Introduced By Amber Hall
Continuing this month’s theme of ‘Hearing Voices: Inner Voices, Outer Voices And Connected Voices,’ I’ve been thinking about the ways writing helps us connect our inner and outer voices. It’s often easy for us to get lost in our thoughts, but writing – even if it’s left unshared – helps us organise our busy minds and find a kind of peace, and it’s partly for this reason that I’ve always written.
I’ve always written, partly for this reason. Whether I’m journaling or writing something for the world to see, it’s a helpful way for me to process the myriad thoughts passing through my head each day. Creativity has the power to reveal things we might not have considered; it shines a light on our innermost thoughts and feelings, bringing our truest selves to the fore.
It can be scary to trust our inner voice. This is where we carry the weight of our experiences. It’s often where shame resides, too. I think what creativity does is help us root out that shame, so our outer selves become a clearer reflection of who we really are.
The pieces I’ve chosen have this kind of honesty. In each, the writer shows us what lies beneath the surface, allowing us, the reader, to know and understand them better.
First, we have a poem by Lucy Brown. This raw portrayal of addiction is a powerful testament to what living with this illness looks like. I so appreciated the openness of this piece, and it reminded me how important the act of writing can be.
A blank hole, a nothing
My disease takes everything away from me,
To explain this obsession, the reason why
It is impossible for it has no meaning, no feeling,
With cunning it baffles what I think or say,
Its power overtakes me; my life is unmanageable,
With patient abundance it waits to see me fall again,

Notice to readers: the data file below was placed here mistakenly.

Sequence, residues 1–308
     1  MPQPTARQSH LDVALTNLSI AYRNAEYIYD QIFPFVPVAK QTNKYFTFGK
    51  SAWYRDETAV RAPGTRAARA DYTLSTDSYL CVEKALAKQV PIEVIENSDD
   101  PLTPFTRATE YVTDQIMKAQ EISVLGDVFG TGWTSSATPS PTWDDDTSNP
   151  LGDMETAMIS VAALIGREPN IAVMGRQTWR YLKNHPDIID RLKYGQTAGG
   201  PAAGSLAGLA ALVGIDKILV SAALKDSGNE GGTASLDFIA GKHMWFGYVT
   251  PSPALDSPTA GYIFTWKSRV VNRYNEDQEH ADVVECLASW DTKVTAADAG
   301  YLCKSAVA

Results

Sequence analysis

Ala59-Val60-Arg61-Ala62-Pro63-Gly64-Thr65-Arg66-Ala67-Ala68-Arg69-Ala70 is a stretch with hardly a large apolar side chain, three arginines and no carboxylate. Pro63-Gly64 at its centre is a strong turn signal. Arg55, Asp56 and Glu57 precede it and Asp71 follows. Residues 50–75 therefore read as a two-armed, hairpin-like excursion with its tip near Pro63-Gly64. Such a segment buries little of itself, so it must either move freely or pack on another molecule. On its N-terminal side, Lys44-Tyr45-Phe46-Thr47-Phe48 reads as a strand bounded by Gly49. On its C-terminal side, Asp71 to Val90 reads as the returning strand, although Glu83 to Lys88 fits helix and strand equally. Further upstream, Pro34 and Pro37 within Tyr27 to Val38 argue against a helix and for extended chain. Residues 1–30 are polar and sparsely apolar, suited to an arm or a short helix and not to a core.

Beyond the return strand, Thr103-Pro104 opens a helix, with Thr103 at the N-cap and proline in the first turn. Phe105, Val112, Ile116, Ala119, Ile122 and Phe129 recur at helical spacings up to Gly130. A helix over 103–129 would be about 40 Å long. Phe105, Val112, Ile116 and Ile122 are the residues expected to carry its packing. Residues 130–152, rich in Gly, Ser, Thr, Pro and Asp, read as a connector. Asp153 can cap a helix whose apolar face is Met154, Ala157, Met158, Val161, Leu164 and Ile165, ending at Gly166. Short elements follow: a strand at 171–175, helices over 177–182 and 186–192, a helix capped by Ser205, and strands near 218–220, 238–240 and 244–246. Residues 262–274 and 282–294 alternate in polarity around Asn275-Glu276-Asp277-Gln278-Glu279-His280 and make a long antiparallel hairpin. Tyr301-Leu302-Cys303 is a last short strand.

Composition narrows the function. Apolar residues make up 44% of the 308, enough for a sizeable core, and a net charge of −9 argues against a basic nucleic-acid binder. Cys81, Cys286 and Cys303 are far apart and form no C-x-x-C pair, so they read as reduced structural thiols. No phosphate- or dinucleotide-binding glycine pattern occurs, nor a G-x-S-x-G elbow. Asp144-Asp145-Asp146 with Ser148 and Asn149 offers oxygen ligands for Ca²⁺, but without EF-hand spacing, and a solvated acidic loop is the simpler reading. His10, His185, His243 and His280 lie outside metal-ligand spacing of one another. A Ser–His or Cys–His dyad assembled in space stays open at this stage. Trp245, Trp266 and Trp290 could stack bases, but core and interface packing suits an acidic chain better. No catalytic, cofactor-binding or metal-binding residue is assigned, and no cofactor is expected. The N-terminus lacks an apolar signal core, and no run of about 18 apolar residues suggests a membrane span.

My mind it infiltrates with disease, and body
Shakes to slow the ever-present threat to life,
It takes from me all dignity and respect,
I become a bloated shell, devoted only to one goal,
To kill me slowly, painfully from sip to urgent gulp,
How many bottles will it take, how strong, how long?
Before the bitter pain of self-destruction and defects,
Allow me to live again without this obsession in my life,
Never to dwell upon or feel the broken, empty dreams,
That run slowly silently through my very being,
Robbed by the nightmare, that is my addictive disease.
© Lucy Brown, 2023
Next, Danny Baxter lifts the lid on the creative process. Our inner voices are shown to be at the heart of this extraordinary, almost mystical act. But there’s weight to our words, to the things we create, which Danny explores here. He has created a brilliant piece of original artwork to accompany the text, too, revealing the connectedness of his visual and written work.
A little awkward for some when asked to explain, as it sounds a little mystical.
The nudge, the prompt…
An inaudible yet distinct voice dictating to them that seems to originate from without.
Remote from oneself, yet speaking from within.
Like having listened to speech without sound,
Having read text without sight,
Feeling music without lyrics,
The fading resonance of a freshly delivered communication.
An incident of chemical activity.
A momentary snippet of an exchange,
A continuous transmission,
Science cannot measure nor hear.
Others do not know.
Words dropped directly into one’s inner chamber of being;
a location so familiar but difficult to describe, or even qualify.
The voice establishes a presence within this mental arena.
Private; no one else can confirm the tone, the rhythm, nor emphasis of the influence.
Assessment procedures are tasked to the individual receiving the material, the broadcast.
Experienced as an emotional vibration, queued for consideration to be assimilated into the collective archive of one’s understanding of existence.
Criteria for acceptance vs criteria for dismissal.
Classified either as guidance or hindrance, truth or error.
Differentiated by character, by orientation of spirit.
One makes a personal interpretation of the submitted signal, based upon one’s own intellectual resources,
Isolated from the appraisal of critics.
Evaluation of synergy to trusted archived reference.
People we know,
Influencers we follow,
Protagonists that represent us,
Role models that inspire us,
Vibrations we have validated,
Creeds we revere,
Attributes we attest to,
Causes we are committed to.
The obstacles that a voice must overcome to be heeded and absorbed, rather than discarded, differ from person to person, their own unique dispositions.
On entry, voices compete for attention and affirmation, conflict with one another, resonant and dissonant with one another.
Though organic and sheltered, the process is not beyond a measure of manipulation.